Victor Tom, an MIT Professor, discussed at our meeting today how he and  his colleagues developed the system that measures whether a baseball pitch is a ball or strike by using cameras and software determining the exact location of the ball during its flight to home plate.  
This photo is of the Outbound Rotary Exchange students taken on 7/25/ 18 for their last outbound orientation. Ben Tremblay, on the far right, is the student our club is sending to Colombia, South America, on 8/11/2018 for the next school year.
The Framingham Rotary Club, continuing its annual effort to help keep very low income seniors in public housing cool and healthy during hot weather, last week delivered thirty-seven 6000 BTU air conditioners for installation at units managed by the Framingham Housing Authority (FHA). The project, a collaboration among the Rotary club, the FHA, and the Callahan Center (the Framingham Council on Aging Senior Center), has now delivered 212 units over the past six years.
Shown in the picture are Rotarians and a representative of the Housing Authority (third from left) along with the recipient of one of the air conditioners (fourth from left), who is a veteran
Sharon Lisnow, Co-Founder of The Respite Center spoke at our Monday meeting.  The Respite Center's mission is to provide a place where people with medical and developmental issues, or adults whose family needs help with day care, can come to allow families some space for the other things in their lives. The Respite Center provides adult day care, child day care as well as weekend and overnight care. The Respite Center gives families a break from the rigor of dealing with special requirements and allows parents time to focus on other children, each other or other members of the family. Sharon noted that the Respite Center welcomes volunteers who can help with projects for which the center doesn't receive assistance - from maintenance of the facilities to gardening and other projects to improve the living environment. Visit their website at www.HopkintonRespite.com.
The Summer Carnival is open at the FSU parking lot on Rt 9.  This full size carnival that draws many attendees from around the area requires two ticket booths manned by our Club members.  Special "thanks" to Tom Sturiale for heading up this great fundraiser.
The Installation Dinner to formally install the new co-presidents and officers of
the  Club  was held on June 21st at the Framingham Country Club.  Dick Manelis and Tom Sturiale were installed as Co-Presidents.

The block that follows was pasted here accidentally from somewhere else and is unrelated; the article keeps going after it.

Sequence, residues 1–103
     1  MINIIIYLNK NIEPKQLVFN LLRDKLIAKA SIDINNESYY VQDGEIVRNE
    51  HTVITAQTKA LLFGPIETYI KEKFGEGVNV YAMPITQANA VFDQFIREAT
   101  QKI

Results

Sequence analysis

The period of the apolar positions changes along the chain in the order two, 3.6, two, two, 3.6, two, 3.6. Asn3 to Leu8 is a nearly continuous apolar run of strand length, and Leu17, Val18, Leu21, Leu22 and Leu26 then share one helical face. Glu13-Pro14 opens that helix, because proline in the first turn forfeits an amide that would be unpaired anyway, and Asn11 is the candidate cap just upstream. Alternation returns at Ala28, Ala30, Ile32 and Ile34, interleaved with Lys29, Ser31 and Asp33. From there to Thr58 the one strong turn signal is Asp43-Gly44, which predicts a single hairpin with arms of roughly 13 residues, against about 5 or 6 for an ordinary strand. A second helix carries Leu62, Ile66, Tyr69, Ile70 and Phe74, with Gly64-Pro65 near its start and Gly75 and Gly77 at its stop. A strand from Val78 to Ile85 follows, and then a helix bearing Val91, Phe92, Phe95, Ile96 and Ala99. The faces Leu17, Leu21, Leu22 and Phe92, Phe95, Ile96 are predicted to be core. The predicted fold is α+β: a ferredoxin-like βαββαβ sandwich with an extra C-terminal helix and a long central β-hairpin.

In addition several other awards were given out:
Eight members received Paul Harris awards in addition to the two honorary Paul Harris awards.
 
 
 
 
 
Rick McPherson accepted the Organization of the Year award on behalf of the Framingham YMCA. 
 
 
 
 
 
 
Bob Schecter received the Framingham Rotary's Rotarian of the Year award
 
 
 
 
 
 
Edgar Kalinda was named the Citizen of the Year in honor of his Service Above Self acts in the community including the most self-less act of all - volunteering to donate one of his kidneys to help his mentor, and our club co-president, Tom, with a much needed organ transplant. 
 
 
 
Our Current Projects
 
 
Club Leaders
Co-President
Co-President
President Elect (2019-2020 PE)
Vice President (2020-2021 PE)
Immediate Past Co-President
Immediate Past Co-President
Secretary
Treasurer
Service Chair
Membership Chair
Foundation Chair
Public Relations Chair
Youth Chair
Director (2021)
Director (2021)
Director (2020)
Director (2020)
Director (2019)
Director (2019)
President Fram. Rotary Edu. Foundation
Sgt. At Arms
Webmaster
Facebook
Speaker Chair
Bio Chair
Greeter Chair
Foundation - Grants Contact 1
Club Assistant Governor
Bulletin Chair
International Chair
Service Chair
Carnival
Interact - Fuller
RYLA Chair
Youth - RYLA Chair
 
 
Club Sponsors
 
 
 
Current News
Holger Knaack selected to be 2020-21 Rotary International president

Holger Knaack selected to be 2020-21 Rotary International

Rotary members seek community solutions to opioid epidemic

Fathers turn pain into healing solutions

Rotary 110th convention brings world to Hamburg

Rotary brings the world to Hamburg  One of the city’s largest and most multi-cultural conventions will bring €24 million HAMBURG, Germany (30 April 2019)

Tunisian Interactors win 2018 Interact Video Awards

Tunisian Interactors win 2018 Interact Video

Highlights of 2019 Rotary Council on Legislation

Council elevates RotaractRepresentatives from around the world also vote to preserve club